- Reform regulatory framework – Strong policies, strategies and programmes – to support children’s right to nutritious diets and essential nutrition services – are very important. Thus revamp, redesign or reframe policies, programs were needed to build in elements of convergence and accountability. Frame nutrition around healthy diets to reduce all forms of malnutrition. For example, school feeding programs like Mid-day meals can be seen as channels to focus on nutrition and diet quality, not solely on feeding and diet quantity. Surveillance to track changes and produce robust disaggregated data are also essential features to help redesign, reform existing PHN interventions.
- One health focus- This point cannot be overemphasized. Every step and action to invest in a sustainable future are urgently needed and must be encouraged by a combination of policy and civil society action. Environment, food security and livelihoods are co-dependent and thus nature and nurture linkages can no longer be ignored. If the land is degraded or prone to natural hazards, less food is produced and significant food shortages can occur. Food secure communities, especially those reliant on the environment for their livelihoods, require healthy and productive ecosystems. Interventions that focus on short-term benefits and neglect consideration of the environment can jeopardize long-term food security and livelihood opportunities. This diminishes societal resilience and undermines recovery opportunities. Implementing food security programs sensitive to environmental and climatic conditions supports sustainability. Also reducing food wastage will go a long way both in ensuring nutrition security and environmental stability.
- Networks, partnerships and governance in and around nutrition should be strengthened and consolidated – It is imperative to make PHN a priority in all development initiatives. To be effective, good governance must be grounded in evidence about what works to improve maternal and child nutrition. It also requires governments and their partners to have the capacity to turn their commitments for nutrition into action. Strategic partnerships across sectors must eb convened and supported with a range of partners to drive action on maternal and child nutrition. The governance of other allied sectors like food, health, water and sanitation, education, environment and social protection systems must also be strengthened to improve nutrition.
- Augment nutrition financing- It is must to prioritise the ‘Leave No One Behind’ agenda in PHN acknowledging the financial and social implications. Capital expenditure needs a significant boost at both the state and central level as it yields a multiplier effect on growth and development too. An analysis done by the Accountability Initiative found that every year, allocations remain lower than requirements in our national budget. They noted a 47 per cent gap in just supplementary nutrition programs alone. In terms of global estimates too, an additional US$1.2 billion per year will be needed to mitigate the COVID effects by scaling up nutrition interventions. Governments and donors must maintain nutrition as a priority, continue to support resilient systems and ensure the efficient use of new and existing resources. All nutrition financing must be transparent and accountable, both domestically, through the timely release of allocations and disbursement, and globally, through the tracking of aid flows and pledges.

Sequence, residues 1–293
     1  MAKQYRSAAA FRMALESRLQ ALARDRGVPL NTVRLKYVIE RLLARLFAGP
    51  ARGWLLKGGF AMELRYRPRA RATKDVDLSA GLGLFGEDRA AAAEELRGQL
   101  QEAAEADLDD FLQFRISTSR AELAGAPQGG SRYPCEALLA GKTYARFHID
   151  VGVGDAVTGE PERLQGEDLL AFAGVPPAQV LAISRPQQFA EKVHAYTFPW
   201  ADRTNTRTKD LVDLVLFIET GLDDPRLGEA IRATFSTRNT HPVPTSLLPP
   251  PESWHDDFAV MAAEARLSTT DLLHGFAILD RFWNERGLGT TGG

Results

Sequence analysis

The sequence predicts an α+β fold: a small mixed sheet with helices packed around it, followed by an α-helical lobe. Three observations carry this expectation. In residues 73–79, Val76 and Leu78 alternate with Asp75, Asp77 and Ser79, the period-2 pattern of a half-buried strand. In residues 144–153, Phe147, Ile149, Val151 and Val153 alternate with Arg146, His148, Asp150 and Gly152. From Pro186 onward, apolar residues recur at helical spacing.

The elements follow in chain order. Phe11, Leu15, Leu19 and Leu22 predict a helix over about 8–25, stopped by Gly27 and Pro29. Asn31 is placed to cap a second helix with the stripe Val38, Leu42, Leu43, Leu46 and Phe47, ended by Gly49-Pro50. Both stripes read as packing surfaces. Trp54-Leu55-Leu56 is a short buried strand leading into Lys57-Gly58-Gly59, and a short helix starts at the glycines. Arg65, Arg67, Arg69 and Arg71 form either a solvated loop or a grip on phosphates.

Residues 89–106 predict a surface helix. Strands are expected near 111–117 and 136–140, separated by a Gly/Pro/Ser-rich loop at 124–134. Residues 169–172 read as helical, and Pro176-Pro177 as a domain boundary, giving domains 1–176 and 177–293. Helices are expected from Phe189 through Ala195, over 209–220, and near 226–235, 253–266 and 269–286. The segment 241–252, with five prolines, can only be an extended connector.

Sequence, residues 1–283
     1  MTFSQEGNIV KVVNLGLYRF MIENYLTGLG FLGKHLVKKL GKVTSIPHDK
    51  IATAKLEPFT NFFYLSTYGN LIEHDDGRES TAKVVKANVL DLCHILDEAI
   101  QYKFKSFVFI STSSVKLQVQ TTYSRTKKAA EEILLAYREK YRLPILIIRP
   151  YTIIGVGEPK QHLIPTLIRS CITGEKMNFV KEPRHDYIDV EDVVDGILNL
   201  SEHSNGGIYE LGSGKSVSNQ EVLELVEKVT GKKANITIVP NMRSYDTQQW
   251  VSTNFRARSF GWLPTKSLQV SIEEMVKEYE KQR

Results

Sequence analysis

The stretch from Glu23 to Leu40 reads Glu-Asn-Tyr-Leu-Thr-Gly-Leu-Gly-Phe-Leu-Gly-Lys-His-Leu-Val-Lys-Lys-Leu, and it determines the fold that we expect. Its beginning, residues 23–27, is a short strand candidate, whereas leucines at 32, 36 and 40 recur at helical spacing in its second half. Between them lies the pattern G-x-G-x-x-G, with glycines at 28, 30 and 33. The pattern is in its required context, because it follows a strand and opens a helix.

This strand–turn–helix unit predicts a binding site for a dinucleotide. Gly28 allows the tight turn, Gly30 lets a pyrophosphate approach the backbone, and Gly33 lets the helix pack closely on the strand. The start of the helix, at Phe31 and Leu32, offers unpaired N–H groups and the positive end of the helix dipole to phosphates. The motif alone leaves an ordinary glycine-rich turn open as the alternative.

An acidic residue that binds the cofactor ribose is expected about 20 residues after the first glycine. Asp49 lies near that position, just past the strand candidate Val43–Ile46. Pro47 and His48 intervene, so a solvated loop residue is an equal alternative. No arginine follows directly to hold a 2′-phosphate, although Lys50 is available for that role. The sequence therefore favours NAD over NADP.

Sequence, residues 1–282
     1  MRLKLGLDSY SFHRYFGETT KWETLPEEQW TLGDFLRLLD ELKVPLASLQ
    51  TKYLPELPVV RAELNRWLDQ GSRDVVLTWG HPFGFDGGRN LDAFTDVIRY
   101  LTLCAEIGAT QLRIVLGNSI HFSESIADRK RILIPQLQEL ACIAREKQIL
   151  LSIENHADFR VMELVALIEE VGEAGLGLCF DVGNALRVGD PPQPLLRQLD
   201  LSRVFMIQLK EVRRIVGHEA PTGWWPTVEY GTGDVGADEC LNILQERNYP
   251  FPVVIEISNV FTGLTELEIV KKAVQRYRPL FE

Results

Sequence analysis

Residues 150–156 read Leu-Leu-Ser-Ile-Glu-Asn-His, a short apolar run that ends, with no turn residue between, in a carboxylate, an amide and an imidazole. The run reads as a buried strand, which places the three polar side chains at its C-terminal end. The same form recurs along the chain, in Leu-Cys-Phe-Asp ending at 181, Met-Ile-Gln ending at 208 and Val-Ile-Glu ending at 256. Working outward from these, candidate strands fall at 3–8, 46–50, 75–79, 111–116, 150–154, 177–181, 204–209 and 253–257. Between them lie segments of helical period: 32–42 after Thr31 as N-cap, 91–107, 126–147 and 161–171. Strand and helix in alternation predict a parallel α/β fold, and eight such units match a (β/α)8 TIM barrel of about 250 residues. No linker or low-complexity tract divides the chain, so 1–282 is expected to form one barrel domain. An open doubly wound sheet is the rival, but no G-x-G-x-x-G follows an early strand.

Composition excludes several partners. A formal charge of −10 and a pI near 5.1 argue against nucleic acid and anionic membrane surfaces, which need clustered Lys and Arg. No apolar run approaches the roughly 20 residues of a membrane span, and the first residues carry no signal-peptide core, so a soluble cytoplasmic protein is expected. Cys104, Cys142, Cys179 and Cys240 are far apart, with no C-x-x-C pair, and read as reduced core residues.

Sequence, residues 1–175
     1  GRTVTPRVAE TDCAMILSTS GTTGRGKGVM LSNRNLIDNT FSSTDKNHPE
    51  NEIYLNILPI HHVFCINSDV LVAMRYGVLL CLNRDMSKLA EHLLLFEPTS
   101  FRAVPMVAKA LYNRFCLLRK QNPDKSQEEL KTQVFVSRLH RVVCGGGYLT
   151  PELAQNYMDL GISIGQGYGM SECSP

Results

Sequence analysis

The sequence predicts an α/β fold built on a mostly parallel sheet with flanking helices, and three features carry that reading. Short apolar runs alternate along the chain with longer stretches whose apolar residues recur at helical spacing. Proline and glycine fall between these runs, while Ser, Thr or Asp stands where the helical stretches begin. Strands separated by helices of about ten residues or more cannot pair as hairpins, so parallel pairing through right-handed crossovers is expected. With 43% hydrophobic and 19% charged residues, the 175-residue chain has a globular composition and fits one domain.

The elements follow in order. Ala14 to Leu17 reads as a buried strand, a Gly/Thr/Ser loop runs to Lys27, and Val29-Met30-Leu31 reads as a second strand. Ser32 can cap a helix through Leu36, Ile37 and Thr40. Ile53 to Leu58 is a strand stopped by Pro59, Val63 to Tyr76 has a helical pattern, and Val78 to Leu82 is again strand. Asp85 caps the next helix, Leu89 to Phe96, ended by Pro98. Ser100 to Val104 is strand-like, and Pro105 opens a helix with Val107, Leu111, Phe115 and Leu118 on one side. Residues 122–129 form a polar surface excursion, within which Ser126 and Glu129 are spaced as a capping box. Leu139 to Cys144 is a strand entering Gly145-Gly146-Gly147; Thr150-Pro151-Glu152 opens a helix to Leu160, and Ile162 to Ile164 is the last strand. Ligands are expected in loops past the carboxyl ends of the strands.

Current pessimistic trends do not have to persist if the right actions are taken now and in the coming decades. Better diets are possible. Better health is possible. GO-CORONA should help all stakeholders to capitalize on the pandemic as an opportunity to promote healthy diets and nutrition behaviours to boost the immune system and reduce risk factors for increased severity and poor outcomes from COVID-19. This Nutrition Month should be dedicated to building back better with science, solidarity and evidence-based solutions!
Dr Shweta Khandelwal is Head, Nutrition Research and Additional Professor, Public Health Foundation of India and Program Manager India Taskforce, Lancet COVID commission
Disclaimer: The opinions expressed within this article are the personal opinions of the author. The facts and opinions appearing in the article do not reflect the views of NDTV and NDTV does not assume any responsibility or liability for the same.
NDTV – Dettol Banega Swasth India campaign is an extension of the five-year-old Banega Swachh India initiative helmed by Campaign Ambassador Amitabh Bachchan. It aims to spread awareness about critical health issues facing the country. In wake of the current COVID-19 pandemic, the need for WASH (Water, Sanitation and Hygiene) is reaffirmed as handwashing is one of the ways to prevent Coronavirus infection and other diseases. The campaign highlights the importance of nutrition and healthcare for women and children to prevent maternal and child mortality, fight malnutrition, stunting, wasting, anaemia and disease prevention through vaccines. Importance of programmes like Public Distribution System (PDS), Mid-day Meal Scheme, POSHAN Abhiyan and the role of Aganwadis and ASHA workers are also covered. Only a Swachh or clean India where toilets are used and open defecation free (ODF) status achieved as part of the Swachh Bharat Abhiyan launched by Prime Minister Narendra Modi in 2014, can eradicate diseases like diahorrea and become a Swasth or healthy India. The campaign will continue to cover issues like air pollution, waste management, plastic ban, manual scavenging and sanitation workers and menstrual hygiene.